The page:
Original equipment pipes made of stainless steel (which are used from the converter forward on most cars and for the entire exhaust system on some) can last up to 10 years or more.
Most aftermarket pipes, by comparison, are made of ordinary steel which is good for about three to five years of service. Aluminumized and stainless pipes are better, but cost more.
With mufflers, stainless holds up the best, followed by doublesided galvanized steel. Single-sided galvanized and aluminumized hold up fairly well, while plain steel offers little or no corrosion resistance.
As a rule, the hotter a muffler runs the longer it lasts. Mufflers on vehicles with catalytic converters run hotter and last longer than those on older vehicles without converters. Mufflers located ahead of the rear axle last longer than those located aft of the rear axle.
Mufflers rust from the inside out. Rust is caused by moisture in the exhaust. Moisture condenses in the muffler when the engine is shut off and the muffler starts to cool. Some mufflers have a small pin hole that allows condensation to seep out.
One aftermarket muffler manufacturer puts a small packet of a special moisture absorbing chemical inside some of their mufflers to fight internal corrosion.
A muffler that needs replacing is an opportunity to sell clamps, pipes, hangers and any special tools that might be needed to complete the job.
A complete brake job should restore the vehicle's brake system and braking performance to good-as-new condition. There is no pat answer as to which items need replacing and which ones don't. It's a judgment call.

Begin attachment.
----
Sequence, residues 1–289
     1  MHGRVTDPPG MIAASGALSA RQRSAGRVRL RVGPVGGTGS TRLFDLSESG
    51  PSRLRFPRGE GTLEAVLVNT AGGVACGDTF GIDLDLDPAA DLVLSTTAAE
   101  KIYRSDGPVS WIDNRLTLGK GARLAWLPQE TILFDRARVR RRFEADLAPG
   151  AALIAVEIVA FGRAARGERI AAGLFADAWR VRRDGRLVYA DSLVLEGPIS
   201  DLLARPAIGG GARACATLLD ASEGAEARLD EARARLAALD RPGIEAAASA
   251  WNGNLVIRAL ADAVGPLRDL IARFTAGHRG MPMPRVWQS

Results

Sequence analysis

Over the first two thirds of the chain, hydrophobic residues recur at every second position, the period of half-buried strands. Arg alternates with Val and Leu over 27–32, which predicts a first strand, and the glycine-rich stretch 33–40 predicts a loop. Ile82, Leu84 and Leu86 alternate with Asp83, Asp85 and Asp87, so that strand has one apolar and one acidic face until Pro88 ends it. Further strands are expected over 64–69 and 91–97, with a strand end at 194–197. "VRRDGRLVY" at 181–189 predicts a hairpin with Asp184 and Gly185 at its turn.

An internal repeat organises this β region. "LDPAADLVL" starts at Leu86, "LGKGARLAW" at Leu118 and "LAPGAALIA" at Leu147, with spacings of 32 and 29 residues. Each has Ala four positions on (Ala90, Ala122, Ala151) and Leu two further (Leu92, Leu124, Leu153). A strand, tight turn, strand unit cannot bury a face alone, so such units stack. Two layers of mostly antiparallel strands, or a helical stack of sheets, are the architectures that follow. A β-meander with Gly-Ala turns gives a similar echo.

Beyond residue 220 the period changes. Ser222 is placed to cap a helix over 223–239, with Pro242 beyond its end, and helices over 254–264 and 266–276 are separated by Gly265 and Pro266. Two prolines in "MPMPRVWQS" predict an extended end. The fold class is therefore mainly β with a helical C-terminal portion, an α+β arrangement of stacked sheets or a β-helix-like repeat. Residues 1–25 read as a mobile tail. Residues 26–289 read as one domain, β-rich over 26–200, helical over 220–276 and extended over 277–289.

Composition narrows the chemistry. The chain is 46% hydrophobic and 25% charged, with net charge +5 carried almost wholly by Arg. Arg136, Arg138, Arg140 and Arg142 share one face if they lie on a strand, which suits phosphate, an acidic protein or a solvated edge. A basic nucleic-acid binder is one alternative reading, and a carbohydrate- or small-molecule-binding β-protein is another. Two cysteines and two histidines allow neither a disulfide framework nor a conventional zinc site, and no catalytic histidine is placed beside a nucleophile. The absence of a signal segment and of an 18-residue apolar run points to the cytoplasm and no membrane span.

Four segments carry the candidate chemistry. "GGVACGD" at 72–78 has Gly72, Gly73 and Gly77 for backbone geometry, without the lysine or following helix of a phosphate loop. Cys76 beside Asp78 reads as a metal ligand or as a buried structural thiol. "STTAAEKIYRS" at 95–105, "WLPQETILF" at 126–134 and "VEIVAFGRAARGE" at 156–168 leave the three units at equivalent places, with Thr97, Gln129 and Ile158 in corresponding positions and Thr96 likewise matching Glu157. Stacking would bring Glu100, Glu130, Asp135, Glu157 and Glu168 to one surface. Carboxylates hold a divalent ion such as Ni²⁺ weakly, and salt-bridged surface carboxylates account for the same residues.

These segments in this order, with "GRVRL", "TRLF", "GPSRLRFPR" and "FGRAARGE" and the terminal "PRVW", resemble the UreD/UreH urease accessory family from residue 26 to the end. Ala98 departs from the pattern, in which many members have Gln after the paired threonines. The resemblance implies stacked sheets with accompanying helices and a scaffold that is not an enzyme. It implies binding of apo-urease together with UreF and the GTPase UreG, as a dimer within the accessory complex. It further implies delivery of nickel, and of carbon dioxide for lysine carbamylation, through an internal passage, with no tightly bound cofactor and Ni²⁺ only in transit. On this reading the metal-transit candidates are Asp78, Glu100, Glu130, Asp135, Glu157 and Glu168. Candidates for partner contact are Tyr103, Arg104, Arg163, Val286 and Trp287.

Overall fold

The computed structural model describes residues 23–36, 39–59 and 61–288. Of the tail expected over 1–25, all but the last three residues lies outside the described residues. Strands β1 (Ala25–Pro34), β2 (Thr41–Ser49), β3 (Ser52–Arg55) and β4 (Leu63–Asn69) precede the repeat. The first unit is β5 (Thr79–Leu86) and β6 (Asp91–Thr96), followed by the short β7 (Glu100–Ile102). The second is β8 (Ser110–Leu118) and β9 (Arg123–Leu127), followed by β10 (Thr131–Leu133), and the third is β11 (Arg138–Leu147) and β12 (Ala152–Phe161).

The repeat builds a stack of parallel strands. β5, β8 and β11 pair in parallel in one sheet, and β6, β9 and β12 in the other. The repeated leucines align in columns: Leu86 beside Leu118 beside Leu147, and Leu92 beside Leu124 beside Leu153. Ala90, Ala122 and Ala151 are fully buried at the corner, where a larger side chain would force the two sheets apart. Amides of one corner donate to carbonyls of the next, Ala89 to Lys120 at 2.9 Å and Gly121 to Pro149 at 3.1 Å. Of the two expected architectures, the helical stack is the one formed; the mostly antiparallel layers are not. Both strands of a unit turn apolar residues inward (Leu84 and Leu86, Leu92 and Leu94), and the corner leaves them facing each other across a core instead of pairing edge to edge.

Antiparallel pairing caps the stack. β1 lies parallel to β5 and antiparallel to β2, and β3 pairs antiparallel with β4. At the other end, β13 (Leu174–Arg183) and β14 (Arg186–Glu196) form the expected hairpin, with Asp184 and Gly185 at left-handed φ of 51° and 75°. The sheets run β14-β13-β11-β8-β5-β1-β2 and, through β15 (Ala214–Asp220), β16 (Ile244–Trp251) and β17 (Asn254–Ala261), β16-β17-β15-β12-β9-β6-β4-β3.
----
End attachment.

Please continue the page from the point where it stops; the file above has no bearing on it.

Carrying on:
A complete brake job should begin with a thorough inspection of the entire brake system; lining condition, rotors and drums, calipers and wheel cylinders, brake hardware, hoses, lines, and master cylinder.
Any hoses that are found to be age cracked, chaffed, swollen, or leaking must be replaced. Make sure the replacement hose has the same type of end fittings (double-flared or ISO) as the original. Don't intermix fitting types.
Steel lines that are leaking, kinked, badly corroded, or damaged must also be replaced. For steel brake lines, use only approved steel tubing with double-flared or ISO flare ends.
A leaking caliper or wheel cylinder needs to be rebuilt or replaced. The same applies to a caliper that is frozen (look for uneven pad wear), damaged or badly corroded.
Leaks at the master cylinder or a brake pedal that gradually sinks to the floor tells you that the master cylinder needs replacing.
The rotors and drums need to be inspected for wear, heat cracks, warpage, or other damage. Unless they are in perfect condition, they should always be resurfaced before new linings are installed. If worn too thin, replace them.
Rust, heat, and age have a detrimental effect on many hardware components. It's a good idea to replace some of these parts when the brakes are relined. On disc brakes, new mounting pins and bushings are recommended for floating-style calipers. High temperature synthetic or silicone brake grease (never ordinary chassis grease) should be used to lubricate caliper pins and caliper contact points.